The tiny state of San Marino voted Sunday to allow abortion in a historic referendum result that will bring the predominantly Catholic nation in line with most of the rest of Europe.
About 77.3 percent of voters approved a motion to allow termination of a pregnancy up to 12 weeks.
After that, abortion would only be allowed if the mother’s life was in danger or in the case of fetal abnormalities that could harm the woman physically or psychologically.
The picturesque republic of San Marino, situated on a mountainside in central Italy, is one of the last places in Europe along with Malta, Andorra and the Vatican to have a total ban on abortion.
In traditionally Catholic Ireland, abortion was legalized in 2018, also after a referendum.
There were celebrations in Sunday’s result among members of the San Marino Women’s Union (UDS), which had started the referendum and campaigned for a “Yes” vote against the ruling party and the Catholic Church.
“It is a victory for all the women of San Marino, over the conservatives and reactionaries who believe that women have no rights,” UDS president Karen Pruccoli told AFP.
“It is a victory against the Catholic Church who were our opponents and they tried everything to avoid this result.”
More than 35,000 people were eligible to vote in Sunday’s referendum, about a third of them abroad. The turnout was 41 percent, about 14,500 people.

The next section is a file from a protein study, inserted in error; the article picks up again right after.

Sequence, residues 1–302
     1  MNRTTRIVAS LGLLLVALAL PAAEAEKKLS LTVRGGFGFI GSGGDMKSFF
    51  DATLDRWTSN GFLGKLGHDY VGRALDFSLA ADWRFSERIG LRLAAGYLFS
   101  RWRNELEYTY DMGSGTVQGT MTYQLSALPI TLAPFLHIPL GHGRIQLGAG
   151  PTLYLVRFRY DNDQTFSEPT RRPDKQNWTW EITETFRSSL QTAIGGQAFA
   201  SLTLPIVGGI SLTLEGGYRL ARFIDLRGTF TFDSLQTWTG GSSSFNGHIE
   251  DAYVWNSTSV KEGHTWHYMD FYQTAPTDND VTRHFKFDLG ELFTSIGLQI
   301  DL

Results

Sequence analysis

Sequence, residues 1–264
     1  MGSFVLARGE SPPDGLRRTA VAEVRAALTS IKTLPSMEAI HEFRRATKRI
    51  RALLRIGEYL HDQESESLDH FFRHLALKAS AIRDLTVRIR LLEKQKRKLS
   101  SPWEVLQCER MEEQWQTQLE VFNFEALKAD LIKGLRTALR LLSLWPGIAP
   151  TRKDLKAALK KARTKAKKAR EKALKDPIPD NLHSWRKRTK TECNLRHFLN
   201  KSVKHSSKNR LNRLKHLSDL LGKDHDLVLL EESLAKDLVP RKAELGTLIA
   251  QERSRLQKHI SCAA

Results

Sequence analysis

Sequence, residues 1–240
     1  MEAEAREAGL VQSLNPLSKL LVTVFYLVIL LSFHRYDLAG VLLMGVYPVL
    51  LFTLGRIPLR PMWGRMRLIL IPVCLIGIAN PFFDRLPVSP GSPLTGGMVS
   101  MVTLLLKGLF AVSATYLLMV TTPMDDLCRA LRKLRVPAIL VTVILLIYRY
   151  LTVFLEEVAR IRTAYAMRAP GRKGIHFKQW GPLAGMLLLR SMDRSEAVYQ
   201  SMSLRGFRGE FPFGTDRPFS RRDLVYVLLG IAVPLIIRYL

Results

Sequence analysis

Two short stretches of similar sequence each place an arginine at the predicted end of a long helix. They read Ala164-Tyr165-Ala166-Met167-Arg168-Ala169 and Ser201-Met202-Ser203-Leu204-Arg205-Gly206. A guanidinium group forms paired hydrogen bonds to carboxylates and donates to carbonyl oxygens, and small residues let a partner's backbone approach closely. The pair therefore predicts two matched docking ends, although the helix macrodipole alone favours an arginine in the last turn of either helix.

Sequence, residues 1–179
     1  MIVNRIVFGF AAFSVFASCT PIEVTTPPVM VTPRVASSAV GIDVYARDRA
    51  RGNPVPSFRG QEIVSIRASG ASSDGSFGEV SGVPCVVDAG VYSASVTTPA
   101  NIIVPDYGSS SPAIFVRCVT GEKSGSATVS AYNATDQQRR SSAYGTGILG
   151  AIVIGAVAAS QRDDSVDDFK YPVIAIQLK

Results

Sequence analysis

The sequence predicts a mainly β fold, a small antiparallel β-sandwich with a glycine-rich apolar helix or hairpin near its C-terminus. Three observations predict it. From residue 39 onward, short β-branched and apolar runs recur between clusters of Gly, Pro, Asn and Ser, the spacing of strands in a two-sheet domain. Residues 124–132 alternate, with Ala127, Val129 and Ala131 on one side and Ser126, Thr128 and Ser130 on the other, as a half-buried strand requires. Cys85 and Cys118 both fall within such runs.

‘Respect the result’
In the absence of opinion polls, no one had wanted to predict the outcome in a country where the influence of the Church remains strong.
Pope Francis reiterated last week his uncompromising position that abortion is “murder.”
The campaign to vote “No” on Sunday was led by the ruling Christian Democratic Party, which has close ties to the Catholic Church.
“It is a defeat for a country that has always defended life,” the party’s undersecretary, Manuel Ciavatta, told AFP after the result.
But he said the government would propose a law within six months to implement the abortion change, which would then be submitted to parliament.
“We respect the voice of the voters,” she said, adding: “Our party will do everything possible to help women make sure they are not left alone.”
Currently, abortion carries a penalty of up to three years in prison for the woman and six years for the doctor who performs the procedure.
However, no one has ever been convicted.
Women who opt for an abortion often cross into Italy, where it has been legal for more than 40 years.
Before the result arrived, Francesca Nicolini, a 60-year-old doctor and member of the UDS, had argued: “Most of the young people are on our side, because it is an issue that directly affects their lives.
“It is unacceptable to view women who are forced to have an abortion as criminals.”
The vote marks a sea change for San Marino, where the ban dates back to 1865 and was confirmed both by the fascist regime in the early 20th century and again in 1974.
Figures from Italy suggest few women from the small state cross the border to take advantage of abortion laws there.
Between 2005 and 2019, only about 20 women a year from San Marino had abortions in Italy, falling to 12 in 2018 and seven in 2019, according to official Istat data cited by anti-abortion activists.
This is still too much for opponents like Rocco Gugliotta, a 41-year-old warehouse worker, who asked, “Why should mother alone decide?”
However, Alfiero Vagnini, a 65-year-old cook, was among the “Yes” voters, explaining: “On many issues, San Marino is behind. We need to become a more modern country. “